Note that in this series I won’t be covering much regarding the specifics for configuring external authentication for SharePoint 2010. That’s already well covered in previous posts I’ve written and also the following Microsoft whitepaper: Implementing Claims-Based Authentication with SharePoint Server 2010. Additionally, the recently released 2nd edition of “A Guide to Claims-Based Identity and Access Control” is pretty much required reading for anyone looking to get involved with this technology. My focus is going to be on what we’ve seen out there in the “real world”.
Before starting, have clear design objectives
Externalizing authentication will force your team to solve some things that are taken for granted when using traditional Windows-integrated authentication. Additional investments in time for development, testing, documentation, and operational procedures will be required to to ensure short and long term success. Therefore, I believe a strong justification for this approach is required. Externalizing authentication could be a good choice if the organization:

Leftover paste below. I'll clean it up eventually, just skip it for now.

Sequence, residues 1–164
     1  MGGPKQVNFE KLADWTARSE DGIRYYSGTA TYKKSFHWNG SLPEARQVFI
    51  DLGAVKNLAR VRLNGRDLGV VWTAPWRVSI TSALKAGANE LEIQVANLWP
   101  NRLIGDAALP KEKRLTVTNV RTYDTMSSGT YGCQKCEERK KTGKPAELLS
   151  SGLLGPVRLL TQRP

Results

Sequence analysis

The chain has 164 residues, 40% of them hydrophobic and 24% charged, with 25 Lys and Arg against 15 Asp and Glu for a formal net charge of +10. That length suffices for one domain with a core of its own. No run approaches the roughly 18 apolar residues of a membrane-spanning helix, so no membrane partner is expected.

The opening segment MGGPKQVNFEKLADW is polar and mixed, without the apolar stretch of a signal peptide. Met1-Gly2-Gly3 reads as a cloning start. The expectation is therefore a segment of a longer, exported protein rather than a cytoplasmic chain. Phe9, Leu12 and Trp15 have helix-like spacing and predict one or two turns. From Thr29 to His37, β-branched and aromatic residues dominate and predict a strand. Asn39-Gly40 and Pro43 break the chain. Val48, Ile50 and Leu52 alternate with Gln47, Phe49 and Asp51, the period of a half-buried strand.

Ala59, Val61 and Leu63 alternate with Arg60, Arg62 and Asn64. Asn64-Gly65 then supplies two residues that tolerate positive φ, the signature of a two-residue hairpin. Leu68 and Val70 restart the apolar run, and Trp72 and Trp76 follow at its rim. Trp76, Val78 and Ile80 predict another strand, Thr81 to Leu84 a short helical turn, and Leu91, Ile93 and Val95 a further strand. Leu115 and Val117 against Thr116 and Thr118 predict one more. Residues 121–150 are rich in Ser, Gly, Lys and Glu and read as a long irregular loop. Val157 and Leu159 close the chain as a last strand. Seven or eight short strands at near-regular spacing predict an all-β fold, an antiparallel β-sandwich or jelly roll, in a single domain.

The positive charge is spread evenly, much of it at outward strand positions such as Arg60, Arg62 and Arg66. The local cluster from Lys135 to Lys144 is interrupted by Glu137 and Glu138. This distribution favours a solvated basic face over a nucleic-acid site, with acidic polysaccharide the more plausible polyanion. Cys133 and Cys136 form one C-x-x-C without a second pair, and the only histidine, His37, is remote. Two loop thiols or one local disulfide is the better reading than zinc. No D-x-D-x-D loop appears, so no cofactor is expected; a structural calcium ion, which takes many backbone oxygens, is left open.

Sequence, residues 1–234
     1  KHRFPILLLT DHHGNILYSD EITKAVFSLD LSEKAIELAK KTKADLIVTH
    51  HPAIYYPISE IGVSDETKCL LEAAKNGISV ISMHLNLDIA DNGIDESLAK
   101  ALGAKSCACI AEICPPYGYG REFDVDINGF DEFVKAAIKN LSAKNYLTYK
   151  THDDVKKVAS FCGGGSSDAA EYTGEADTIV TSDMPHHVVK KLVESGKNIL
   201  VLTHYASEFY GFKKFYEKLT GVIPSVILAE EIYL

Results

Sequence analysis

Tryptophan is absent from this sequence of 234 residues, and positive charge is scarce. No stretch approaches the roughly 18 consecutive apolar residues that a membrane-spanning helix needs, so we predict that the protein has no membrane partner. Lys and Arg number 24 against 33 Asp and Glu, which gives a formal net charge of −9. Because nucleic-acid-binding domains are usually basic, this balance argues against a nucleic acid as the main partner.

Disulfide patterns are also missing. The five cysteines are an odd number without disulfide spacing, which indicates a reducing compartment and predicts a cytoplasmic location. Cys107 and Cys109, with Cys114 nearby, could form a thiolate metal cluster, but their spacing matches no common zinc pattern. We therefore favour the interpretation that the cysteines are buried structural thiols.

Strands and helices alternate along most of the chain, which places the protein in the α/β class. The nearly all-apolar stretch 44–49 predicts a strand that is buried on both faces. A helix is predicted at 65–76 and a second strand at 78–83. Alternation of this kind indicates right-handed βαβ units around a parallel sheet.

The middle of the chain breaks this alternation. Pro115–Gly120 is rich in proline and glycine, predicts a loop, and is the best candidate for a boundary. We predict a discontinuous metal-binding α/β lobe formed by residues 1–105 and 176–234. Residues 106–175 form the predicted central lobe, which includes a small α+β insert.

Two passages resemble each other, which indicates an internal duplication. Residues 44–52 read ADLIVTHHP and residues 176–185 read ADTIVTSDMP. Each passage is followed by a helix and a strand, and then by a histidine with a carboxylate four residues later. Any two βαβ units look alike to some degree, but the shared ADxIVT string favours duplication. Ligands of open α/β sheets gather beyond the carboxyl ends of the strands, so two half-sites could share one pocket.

- Requires Single Sign On (SSO) or Web Sign On (OpenID, Facebook, Twitter, Google, etc…) with vendors or customers. Because SAML is “standards based” and provides a very high degree of interoperability, this is a common justification.
- Is undergoing a lot of transition with its directory services (acquisitions and migrations) and doesn’t want to be limited or held back by these changes. Externalizing authentication to a single “identity tier” creates a façade that enables SharePoint projects to move forward without being held hostage to other organizational initiatives.
- Does not have a centralized identity infrastructure and never will. It operates more as a federation of entities and interested parties and still wants to take advantage of SharePoint as a collaboration platform.
- Wishes to expose SharePoint 2010 to mobile devices.
- Requires one of more of it’s SharePoint sites to work like a banking banking site with automated sign-out during idle times and doesn’t have expertise to accomplish this at the gateway (firewalls / reverse proxies).